BySandra Harris, writer at


This grim but excellent horror film is the fifth in the Hannibal Lecter franchise and serves as a prequel to RED DRAGON, THE SILENCE OF THE LAMBS and HANNIBAL, all superbly scary offerings themselves.

It literally documents the rise of cold-blooded psychopath Hannibal Lecter. It tells us about the factors that conspire to make him what he is when he bursts onto our screens in a full-blown burst of liver-and-fava-bean-eating, Chianti-swilling cannibalistic evil.

What it comes down to is this, and it ain’t pretty. Hannibal’s origins are to be found in the war-torn Lithuania of the Hitler years, where it seems that the terrified locals have as much to fear from their own soldiers as they do from the Germans.

Hannibal’s parents are killed in an explosion, leaving the eight-year-old Hannibal as the sole guardian of his little sister, Mischa. Not for long, however. Mischa, as unbelievable and as gruesome as it seems, is killed and eaten- yep, eaten- by a small band of six former Lithuanian soldiers, now Nazi collaborators, who are desperate for food. Tsk, tsk. It’s still no excuse, though.

This grotesque act of cannibalism is witnessed by Hannibal in all its sinewy, tendony glory. Eeuw. Needless to say, it traumatises him for life. When he’s all grown-up, and ridiculously handsome in an intense, broody, cheekboney kind of way, his only aim in life is to hunt down the men who ate his sister and dish out large, creamy helpings of piping-hot vengeance that they’ll choke on and boy, do they choke…

This is basically a revenge movie, albeit a superior, beautifully-shot one. Hannibal tracks down all six men and, when he eventually catches up with them, it’s a case of comeuppances all round in some pretty horrible and bloody ways. Rhys Ifans does a great job of portraying Vladis Grutas, leader of the little group of cannibals and now a sex-trafficker, who has a giant M- for Mischa- carved across his chest by a revenge-crazed Hannibal.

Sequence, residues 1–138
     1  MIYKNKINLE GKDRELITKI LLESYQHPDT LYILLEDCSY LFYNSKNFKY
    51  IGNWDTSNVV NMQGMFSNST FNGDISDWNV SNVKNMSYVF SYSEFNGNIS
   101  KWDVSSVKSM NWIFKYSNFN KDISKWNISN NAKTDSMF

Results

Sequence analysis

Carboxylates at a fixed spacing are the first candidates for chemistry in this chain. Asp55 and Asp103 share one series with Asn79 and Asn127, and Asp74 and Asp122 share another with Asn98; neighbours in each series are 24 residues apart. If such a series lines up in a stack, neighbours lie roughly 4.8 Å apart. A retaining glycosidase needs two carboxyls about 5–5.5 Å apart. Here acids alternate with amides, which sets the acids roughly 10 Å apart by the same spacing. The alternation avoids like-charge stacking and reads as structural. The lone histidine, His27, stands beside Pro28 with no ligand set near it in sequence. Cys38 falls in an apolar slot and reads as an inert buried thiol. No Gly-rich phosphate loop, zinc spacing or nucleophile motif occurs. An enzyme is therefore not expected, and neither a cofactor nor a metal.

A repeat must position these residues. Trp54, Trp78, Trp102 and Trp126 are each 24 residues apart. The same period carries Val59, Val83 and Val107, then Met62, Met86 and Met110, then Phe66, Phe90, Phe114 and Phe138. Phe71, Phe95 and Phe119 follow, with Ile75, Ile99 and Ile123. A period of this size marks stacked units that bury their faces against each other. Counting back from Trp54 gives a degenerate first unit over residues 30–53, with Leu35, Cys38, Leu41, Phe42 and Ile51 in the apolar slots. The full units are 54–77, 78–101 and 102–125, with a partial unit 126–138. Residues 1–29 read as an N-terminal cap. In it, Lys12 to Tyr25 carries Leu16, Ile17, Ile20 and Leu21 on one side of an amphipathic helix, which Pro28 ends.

Hannibal is so consumed with his need for vengeance that he even misses out on the chance for love with his beautiful widowed aunt, the Lady Murasaki, because he just can’t call a halt to his self-imposed mission. Mind you, that’s a bit… well, a bit incestuous anyway, isn’t it, doing it with your late brother’s missus…?

And, can I just say, when I was growing up, none of my aunties looked like the drop-dead gorgeous Lady Murasaki…? My aunties all wore cardigans and had constant trouble with their waterworks.

So, is revenge ever actually worth it? Are you any better off because of it? And when you’ve achieved it, just what the heck are you supposed to do then? I’m reminded of Inigo Montoya, brilliantly played by Mandy Patinkin in THE PRINCESS BRIDE (1987).

When he finally manages to slay the man who killed his father, Inigo turns to Cary Elwes and says: ‘You know, I have been in the revenge business for so long that, now that it is all over, I’m buggered if I know what I’m supposed to do next!’ or words to that effect. I couldn’t have put it better myself.


Sandra Harris is a Dublin-based performance poet, novelist, film blogger, sex blogger and short story writer. She has given more than 200 performances of her comedy sex-and-relationship poems in different venues around Dublin, including The Irish Writers’ Centre, The International Bar, Toners’ Pub (Ireland’s Most Literary Pub), the Ha’penny Inn, Le Dernier Paradis at the Trinity Inn and The Strokestown Poetry Festival.

Her articles, short stories and poems have appeared in The Metro-Herald newspaper, Ireland’s Big Issues magazine, The Irish Daily Star, The Irish Daily Sun and The Boyne Berries literary journal. In August 2014, she won the ONE LOVELY BLOG award for her (lovely!) horror film review blog. She is addicted to buying books and has been known to bring home rain-washed tomes she finds on the street and give them a home.

She is the proud possessor of a pair of unfeasibly large bosoms. They have given her- and the people around her- infinite pleasure over the years. She adores the horror genre in all its forms and will swap you anything you like for Hammer Horror or JAWS memorabilia. She would also be a great person to chat to about the differences between the Director’s Cut and the Theatrical Cut of The Wicker Man. You can contact her at:

[email protected]


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